How Well Are We Using Writing to Help Students Learn?

Writing is an essential skill for all of us, whether we are students or adults. In Alabama, writing is no longer part of state assessments and has been moved to the back burner, instructionally speaking, over the past 10 or so years.

As many ELA-oriented professional learning folks tell us, writing is also one of the most challenging subjects (and skill sets) to teach. Ruth Culham, author of Teach Writing Well and developer of the famous 6+1 Traits of Writing instructional approach, notes:

Children don’t hate to write; they hate how we teach writing. Some of the most deeply embedded methods of teaching writing – worksheets, canned prompts and formulas, for example – drain all of the energy and desire required to write well. – Ruth Culham, “Rethinking Revision – the Real Work of Writing”

The argument that “if something is not tested, it’s not a priority” opens up a complex conversation for another time. But when we frame writing as a powerful learning tool (rather than a ‘subject’), we begin to see how important it is across the curriculum. Book titles like teacher Mary Tedrow’s Write, Think, Learn and William Zinsser’s classic Writing to Learn remind us that writing is one of the very best ways to push our thinking deeper and expand our understanding of whatever we are studying – or we’re just plain curious about.

It is time for all of us who support Alabama public schools to do what it takes to make the teaching of writing (using highly effective methods) an essential in every grade. Imagine how empowered our students will be if they leave school with the ability to write effectively, both in their work and in their personal lives.

Paraphrasing: A writing super power

A recent Edutopia article by Jennifer Davis Bowman highlights one important aspect of writing: paraphrasing. Paraphrasing is key to both demonstrating understanding of a concept and also to summarizing something one has learned in a paper without risking plagiarism.

Paraphrasing is also an important note-taking (or note-making) skill. When students use paraphrasing to capture essential elements of spoken words or written text, they trigger learning centers in the brain. They make meaning. (In recent years, many college professors have bemoaned the number of students who transcribe their lectures rather than make meaning by paraphrasing. In a previous blog post, I captured the views of MIT professor Sherry Turkle about this trend.)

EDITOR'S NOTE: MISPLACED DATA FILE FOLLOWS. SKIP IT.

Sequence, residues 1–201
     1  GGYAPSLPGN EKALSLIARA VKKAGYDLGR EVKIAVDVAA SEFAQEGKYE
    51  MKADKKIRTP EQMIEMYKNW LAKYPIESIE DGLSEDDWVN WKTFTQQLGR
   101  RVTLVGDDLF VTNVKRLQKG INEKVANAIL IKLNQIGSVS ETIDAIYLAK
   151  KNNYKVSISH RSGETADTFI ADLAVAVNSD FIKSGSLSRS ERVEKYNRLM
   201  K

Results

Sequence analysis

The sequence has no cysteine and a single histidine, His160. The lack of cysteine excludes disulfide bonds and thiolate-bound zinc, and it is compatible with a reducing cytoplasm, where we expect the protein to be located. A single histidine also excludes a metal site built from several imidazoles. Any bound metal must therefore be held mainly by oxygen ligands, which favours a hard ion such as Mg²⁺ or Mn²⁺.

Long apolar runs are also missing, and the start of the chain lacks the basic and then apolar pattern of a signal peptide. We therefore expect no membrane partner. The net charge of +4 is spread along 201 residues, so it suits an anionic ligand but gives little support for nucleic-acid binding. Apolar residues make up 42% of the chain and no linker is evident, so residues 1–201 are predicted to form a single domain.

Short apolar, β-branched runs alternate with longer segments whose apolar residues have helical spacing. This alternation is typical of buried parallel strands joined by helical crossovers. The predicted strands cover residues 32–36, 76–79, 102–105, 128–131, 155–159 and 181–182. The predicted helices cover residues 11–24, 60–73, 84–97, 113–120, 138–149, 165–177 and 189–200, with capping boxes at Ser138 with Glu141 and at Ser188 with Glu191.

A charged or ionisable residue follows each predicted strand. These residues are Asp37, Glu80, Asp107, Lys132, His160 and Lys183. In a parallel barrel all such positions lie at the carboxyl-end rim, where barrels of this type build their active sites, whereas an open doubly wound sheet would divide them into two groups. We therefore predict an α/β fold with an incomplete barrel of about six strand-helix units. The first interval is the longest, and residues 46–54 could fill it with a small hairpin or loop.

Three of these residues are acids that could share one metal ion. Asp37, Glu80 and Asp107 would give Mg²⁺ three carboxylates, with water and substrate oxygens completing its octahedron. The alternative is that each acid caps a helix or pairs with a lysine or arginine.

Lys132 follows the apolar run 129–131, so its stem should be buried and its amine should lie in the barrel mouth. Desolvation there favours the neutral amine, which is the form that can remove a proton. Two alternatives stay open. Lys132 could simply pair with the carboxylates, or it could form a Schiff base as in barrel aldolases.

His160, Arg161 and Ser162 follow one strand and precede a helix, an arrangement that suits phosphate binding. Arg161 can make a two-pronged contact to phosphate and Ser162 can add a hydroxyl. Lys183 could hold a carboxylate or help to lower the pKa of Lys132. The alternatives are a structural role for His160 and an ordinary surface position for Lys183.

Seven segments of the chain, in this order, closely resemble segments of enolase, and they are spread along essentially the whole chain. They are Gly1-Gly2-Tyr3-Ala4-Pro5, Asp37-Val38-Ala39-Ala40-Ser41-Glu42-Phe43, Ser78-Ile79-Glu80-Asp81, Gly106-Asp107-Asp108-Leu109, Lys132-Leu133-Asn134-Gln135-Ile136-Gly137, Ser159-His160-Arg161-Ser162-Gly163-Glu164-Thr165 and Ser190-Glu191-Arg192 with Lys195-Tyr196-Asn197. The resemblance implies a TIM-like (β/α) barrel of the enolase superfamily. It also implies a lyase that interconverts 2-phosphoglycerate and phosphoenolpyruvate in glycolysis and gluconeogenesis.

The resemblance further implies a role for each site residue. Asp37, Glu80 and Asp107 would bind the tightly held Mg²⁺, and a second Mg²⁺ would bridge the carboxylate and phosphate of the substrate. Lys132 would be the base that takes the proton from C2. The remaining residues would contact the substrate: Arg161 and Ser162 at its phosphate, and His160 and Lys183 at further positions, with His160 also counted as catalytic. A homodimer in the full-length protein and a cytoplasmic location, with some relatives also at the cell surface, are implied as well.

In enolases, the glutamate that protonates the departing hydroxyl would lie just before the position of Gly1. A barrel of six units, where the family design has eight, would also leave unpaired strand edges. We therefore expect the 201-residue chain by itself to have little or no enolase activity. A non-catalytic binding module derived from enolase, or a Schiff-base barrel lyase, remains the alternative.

The Edutopia article features several online tools that teachers and students can use to hone their writing skills. One that I particularly found to be valuable is the Academic Phrasebank, created by the University of Manchester, which offers phrases a writer can use for various situations in academic writing. Teachers will also appreciate the list of “student cautions” when paraphrasing.

Some other writing resources

Learning to Write, Writing to Learn – Educational Leadership
A themed issue from April, 2018, with articles by Penny Kittle, Fisher & Frey, Mike Schmoker, Carol Ann Tomlinson and many others.

“The Writing Journey” (Kelly Gallagher, Educational Leadership, February 2017))
A look at a district-wide effort to improve writing instruction.

“Teach (Writing) Like a Hummingbird” (Patty McGee, Corwin Connect)

“Making Writing a Daily Ritual in Every Subject” (Mary Tedrow, MiddleWeb)

“The Secret to Teaching Writing Well” (Stacey Shubitz, Stenhouse Blog)

These are just a few conversation and idea starters. Please share additional articles, books, and tools you value as you work to improve writing instruction!